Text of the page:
How it's made
Traditional Jinhua ham is made from the hind legs of a local pig breed called liangtouwu. This rare and expensive pig breed, also affectionately called “panda pig” due to its black and white patterns, has been known for 1,600 years, and it’s beloved for its high fat content and small size (via Oxford Academic). A whopping 36 procedures (Zhejiang China's official site says it even goes up to 80!) are necessary to produce this ham – including trimming, salting, soaking, washing, drying, shaping, fermenting, and smelling.
After it’s been cleaned, the ham leg is salted six times, coming around to 25-35 days between each process of salting. It’s then placed in a cold and dark room for 6-8 months in order to develop its typical aroma and flavor (per SBS). The salting is traditionally done in winter, and the legs are then washed and hung to dry in January. Interestingly enough, some say that Jinhua ham is shaped like a bamboo leaf, but it’s maybe better described as pipa-shaped: pipa is a traditional four-stringed Chinese lute.
What does it taste like?
First of all, if you’re living in the US, abandon all hope, as Jinhua ham is banned in the States due to unnecessarily strict regulations - the traditional process of production doesn't meet sanitation standards that are required from American producers. The rest of us can enjoy Jinhua ham, but Parma ham and Jamón ibérico shouldn’t feel threatened because Jinhua ham is unlike most other cured hams – its aromas and flavors are much more intense than prosciutto, and the ham is very, very salty and slightly smoky, with an intense umami flavor.
The texture is very dense and hard. Each Jinhua ham is vacuum-sealed and packaged in boxes, and it can be sold for up to $1,200, although each thigh typically sells for $80 per piece, depending on the size (via Vice). So if the ham is very hard and salty, how do the locals eat it?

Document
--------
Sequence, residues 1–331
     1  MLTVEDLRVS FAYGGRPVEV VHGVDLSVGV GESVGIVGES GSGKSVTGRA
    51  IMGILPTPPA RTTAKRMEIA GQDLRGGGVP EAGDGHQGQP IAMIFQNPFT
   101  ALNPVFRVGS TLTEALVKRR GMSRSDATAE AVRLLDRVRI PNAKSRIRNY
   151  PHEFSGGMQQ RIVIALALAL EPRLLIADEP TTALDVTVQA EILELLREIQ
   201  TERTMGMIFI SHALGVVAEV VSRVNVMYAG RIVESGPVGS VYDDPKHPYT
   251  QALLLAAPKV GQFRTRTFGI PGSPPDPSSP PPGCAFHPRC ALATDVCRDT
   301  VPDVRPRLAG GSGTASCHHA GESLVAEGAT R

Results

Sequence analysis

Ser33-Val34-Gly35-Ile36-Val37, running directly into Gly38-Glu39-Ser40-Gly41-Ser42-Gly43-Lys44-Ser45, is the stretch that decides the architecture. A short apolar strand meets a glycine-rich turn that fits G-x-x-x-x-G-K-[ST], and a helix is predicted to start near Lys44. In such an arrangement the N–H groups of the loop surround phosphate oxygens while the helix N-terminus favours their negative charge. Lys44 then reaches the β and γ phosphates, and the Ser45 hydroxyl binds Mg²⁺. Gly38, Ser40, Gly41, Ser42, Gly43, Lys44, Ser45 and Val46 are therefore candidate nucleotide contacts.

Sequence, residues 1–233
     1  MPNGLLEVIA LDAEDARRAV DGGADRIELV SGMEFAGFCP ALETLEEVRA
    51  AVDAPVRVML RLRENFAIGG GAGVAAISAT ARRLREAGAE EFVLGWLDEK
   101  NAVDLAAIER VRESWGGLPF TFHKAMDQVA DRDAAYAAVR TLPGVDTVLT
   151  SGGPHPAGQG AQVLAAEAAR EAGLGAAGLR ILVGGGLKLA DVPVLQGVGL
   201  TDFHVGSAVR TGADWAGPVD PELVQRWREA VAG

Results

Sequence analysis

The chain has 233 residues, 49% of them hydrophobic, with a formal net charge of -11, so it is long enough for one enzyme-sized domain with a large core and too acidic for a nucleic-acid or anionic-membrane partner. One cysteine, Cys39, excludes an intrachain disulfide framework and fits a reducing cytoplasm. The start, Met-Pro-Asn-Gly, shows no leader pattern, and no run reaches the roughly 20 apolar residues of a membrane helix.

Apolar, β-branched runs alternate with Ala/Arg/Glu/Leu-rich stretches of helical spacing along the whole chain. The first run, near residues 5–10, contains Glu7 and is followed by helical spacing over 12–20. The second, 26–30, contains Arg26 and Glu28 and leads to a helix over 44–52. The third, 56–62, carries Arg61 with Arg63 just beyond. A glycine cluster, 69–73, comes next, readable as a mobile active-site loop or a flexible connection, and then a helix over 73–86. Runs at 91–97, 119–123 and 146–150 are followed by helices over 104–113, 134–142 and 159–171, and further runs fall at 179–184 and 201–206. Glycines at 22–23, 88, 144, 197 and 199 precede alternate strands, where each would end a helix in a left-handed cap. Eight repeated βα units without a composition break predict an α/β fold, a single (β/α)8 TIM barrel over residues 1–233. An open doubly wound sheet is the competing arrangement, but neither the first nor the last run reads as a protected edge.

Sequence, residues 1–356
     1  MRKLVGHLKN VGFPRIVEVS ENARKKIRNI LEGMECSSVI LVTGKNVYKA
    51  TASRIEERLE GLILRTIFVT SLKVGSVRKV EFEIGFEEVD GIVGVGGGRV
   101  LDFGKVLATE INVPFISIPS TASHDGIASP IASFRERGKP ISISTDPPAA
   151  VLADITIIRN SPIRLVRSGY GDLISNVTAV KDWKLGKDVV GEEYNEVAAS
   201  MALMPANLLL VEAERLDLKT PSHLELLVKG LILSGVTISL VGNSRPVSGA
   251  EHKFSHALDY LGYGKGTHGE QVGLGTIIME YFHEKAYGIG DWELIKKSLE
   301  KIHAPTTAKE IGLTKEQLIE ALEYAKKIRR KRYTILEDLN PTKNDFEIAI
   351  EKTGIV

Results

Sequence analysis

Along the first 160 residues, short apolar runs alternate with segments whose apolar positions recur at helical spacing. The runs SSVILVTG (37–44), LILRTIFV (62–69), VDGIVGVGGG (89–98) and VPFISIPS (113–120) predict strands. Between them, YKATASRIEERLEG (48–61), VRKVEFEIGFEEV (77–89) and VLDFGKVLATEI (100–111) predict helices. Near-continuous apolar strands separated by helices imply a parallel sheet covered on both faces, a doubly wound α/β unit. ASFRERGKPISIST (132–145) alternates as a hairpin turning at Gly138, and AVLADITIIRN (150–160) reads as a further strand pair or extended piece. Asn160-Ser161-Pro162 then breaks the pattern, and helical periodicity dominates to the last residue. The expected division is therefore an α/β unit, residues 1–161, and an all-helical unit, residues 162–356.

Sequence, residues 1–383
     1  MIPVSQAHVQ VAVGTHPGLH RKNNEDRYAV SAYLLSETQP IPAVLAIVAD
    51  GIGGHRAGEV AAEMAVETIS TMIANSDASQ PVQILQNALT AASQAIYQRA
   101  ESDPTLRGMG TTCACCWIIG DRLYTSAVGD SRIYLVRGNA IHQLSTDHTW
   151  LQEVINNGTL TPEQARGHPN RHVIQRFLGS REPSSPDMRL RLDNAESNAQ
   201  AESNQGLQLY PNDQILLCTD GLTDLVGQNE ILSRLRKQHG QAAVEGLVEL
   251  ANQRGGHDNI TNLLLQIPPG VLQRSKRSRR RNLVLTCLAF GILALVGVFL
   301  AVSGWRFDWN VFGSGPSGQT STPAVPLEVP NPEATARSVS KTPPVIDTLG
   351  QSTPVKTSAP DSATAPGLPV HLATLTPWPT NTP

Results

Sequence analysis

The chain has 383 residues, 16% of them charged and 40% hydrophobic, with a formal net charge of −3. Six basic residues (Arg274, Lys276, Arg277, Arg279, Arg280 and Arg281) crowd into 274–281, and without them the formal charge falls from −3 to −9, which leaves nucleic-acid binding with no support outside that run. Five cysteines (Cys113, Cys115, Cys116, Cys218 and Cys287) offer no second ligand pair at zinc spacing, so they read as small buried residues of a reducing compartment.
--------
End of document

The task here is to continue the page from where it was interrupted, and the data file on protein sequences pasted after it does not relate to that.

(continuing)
How to eat Jinhua Ham
Due to the fact that Jinhua ham is intensely salty and hard, it’s typically not eaten by the slice like most western hams. However, some people like to shave it thinly, put it between two slices of bread, and then enjoy it with beer or wine on the side (per The Hong Kong Cookery). In some upscale restaurants, thin shavings of Jinhua ham are lightly roasted and brushed with honey and osmanthus flowers before serving, making complex and unique flavors in the process, as the honey’s sweetness balances the ham’s saltiness (via Vice).
In most cases, the ham is not used as the main ingredient, but as a flavor enhancer – it’s most commonly added to soups, stews, stir-fries with vegetables, and Chinese stocks and broths. If you ever get a piece of this prized ham, we suggest stir-frying it with shiitake mushrooms, garlic, scallions, and carrots, or using it in fried rice with eggs, garlic, cabbage, and fish sauce.
Of course, if you’re feeling adventurous, you can always try it thinly shaved between slices of bread. And if you ever find yourself in Jinhua, make sure to visit the city’s museum that’s dedicated exclusively to ham, called Jinhua Ham Museum.